night, 8:00 PM, Kuhio Avenue, Waikiki: Riding in the back of a taxi,
stopped at a traffic light, I am startled to hear my name being shouted
from somewhere outside in the crowd. There on the sidewalk, grinning
at me and waving, stands Rose, my friend and host mother, who generously
welcomed me the last two summers to stay at her familys home on
the island of Kosrae, in Eastern Micronesia. What is she doing here?
In disbelief I pay my fare and jump out to greet her, completely jarred
by the presence of someone I, in my own touristic nearsightedness, never
imagined to exist beyond the world of her family in that big seaside
house overlooking the mangrove forests of Lelu, Kosrae. Standing in
Waikiki in her white T-shirt, hand-sewn patchwork skirt, and rubber
sandals, she is a complete aberration to me, illuminated by neon lights
and overshadowed by the towering hotels, and yet she is perfectly at
ease in her surroundings.
triumphantly describes her situation: "I came for work. My son
Isaac left Kapiolani Community College last month and now hes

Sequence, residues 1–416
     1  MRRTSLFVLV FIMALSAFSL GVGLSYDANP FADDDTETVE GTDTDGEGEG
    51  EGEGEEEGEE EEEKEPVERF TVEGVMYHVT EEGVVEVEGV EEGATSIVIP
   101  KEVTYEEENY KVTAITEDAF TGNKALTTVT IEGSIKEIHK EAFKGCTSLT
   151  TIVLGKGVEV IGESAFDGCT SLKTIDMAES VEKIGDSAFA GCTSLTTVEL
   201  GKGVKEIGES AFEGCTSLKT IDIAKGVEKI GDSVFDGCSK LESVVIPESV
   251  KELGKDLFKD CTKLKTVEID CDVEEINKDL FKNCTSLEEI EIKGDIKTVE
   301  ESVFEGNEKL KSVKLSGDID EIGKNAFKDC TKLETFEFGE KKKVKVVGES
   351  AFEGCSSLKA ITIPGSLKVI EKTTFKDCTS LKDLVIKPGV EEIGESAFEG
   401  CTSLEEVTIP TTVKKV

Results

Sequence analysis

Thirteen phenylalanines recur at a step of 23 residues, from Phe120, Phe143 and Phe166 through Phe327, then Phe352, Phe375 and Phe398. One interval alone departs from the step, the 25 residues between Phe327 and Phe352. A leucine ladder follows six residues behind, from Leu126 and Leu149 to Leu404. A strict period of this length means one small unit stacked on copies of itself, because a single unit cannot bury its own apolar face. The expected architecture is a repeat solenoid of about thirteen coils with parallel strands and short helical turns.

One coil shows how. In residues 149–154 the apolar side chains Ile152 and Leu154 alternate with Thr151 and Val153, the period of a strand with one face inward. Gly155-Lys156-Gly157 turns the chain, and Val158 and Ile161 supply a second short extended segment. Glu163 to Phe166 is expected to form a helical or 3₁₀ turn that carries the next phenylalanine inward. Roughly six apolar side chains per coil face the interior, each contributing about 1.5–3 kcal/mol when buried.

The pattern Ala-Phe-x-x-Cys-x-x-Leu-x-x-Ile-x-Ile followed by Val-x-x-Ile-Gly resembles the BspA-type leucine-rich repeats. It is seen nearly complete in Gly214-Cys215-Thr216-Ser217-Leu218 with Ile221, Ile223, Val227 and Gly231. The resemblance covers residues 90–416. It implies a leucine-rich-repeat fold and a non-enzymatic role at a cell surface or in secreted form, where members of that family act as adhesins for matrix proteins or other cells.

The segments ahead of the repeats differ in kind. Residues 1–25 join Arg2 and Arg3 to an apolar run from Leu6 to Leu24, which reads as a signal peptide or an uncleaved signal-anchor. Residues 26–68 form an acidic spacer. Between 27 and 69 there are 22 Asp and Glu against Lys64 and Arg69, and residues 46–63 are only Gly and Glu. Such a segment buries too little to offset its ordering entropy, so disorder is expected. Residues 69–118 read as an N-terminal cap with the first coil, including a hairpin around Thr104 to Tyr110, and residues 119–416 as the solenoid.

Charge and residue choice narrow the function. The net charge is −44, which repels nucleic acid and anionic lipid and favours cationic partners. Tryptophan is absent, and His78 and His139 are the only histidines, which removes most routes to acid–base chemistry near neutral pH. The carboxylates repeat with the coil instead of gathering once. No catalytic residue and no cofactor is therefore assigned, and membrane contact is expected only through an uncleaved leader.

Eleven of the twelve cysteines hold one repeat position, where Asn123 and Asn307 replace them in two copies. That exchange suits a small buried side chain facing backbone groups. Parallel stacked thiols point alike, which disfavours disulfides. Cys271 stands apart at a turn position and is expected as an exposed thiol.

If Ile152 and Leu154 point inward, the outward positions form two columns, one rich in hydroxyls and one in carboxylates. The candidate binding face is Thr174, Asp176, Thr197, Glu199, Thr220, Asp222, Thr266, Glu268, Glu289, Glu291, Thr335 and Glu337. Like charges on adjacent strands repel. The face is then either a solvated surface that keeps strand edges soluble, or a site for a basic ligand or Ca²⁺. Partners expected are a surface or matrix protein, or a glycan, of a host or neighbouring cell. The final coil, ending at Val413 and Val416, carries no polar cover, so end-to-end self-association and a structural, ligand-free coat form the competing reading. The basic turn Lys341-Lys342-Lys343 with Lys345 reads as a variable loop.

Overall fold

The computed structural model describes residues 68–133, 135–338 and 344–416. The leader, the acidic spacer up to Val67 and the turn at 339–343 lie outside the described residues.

working in the kitchen at a hotel, so I came to live with him, make
money for the family
I just got my employee ID number and started
my job!" What about the rest of the family back in Kosrae, I ask.
"Oh, theyre fine," she giggles, "My sisters and
mother are all taking care of the other kids and my husband." We
walk together for a few blocks, through the throngs of vacationers brandishing
purple leis and shopping for aloha shirts. They push past us at a fast
pace, anxious they might miss any aspect of the Waikiki Experience.
back to the apartment and see where we live," Rose says, and, grabbing
my arm, she leads me down the street, away from all the nightlife. We
walk up a side street to where it meets the Ala Wai Canal and turn left,
finally reaching a building I must have passed numerous times without
thinking. It is a crumbling concrete apartment building wedged between
the new high-rise condominiums and the hotels. Passing through a rusted
wrought-iron gate and climbing the cracking linoleum-covered steps,
we encounter a large group of Kosraean children playing jump rope. Most
of the doors of the apartments are ajar, and as we approach, Kosraean
faces look back and smile at us. Rose chuckles as she tells me that
mostly everyone in the five-storey building is related.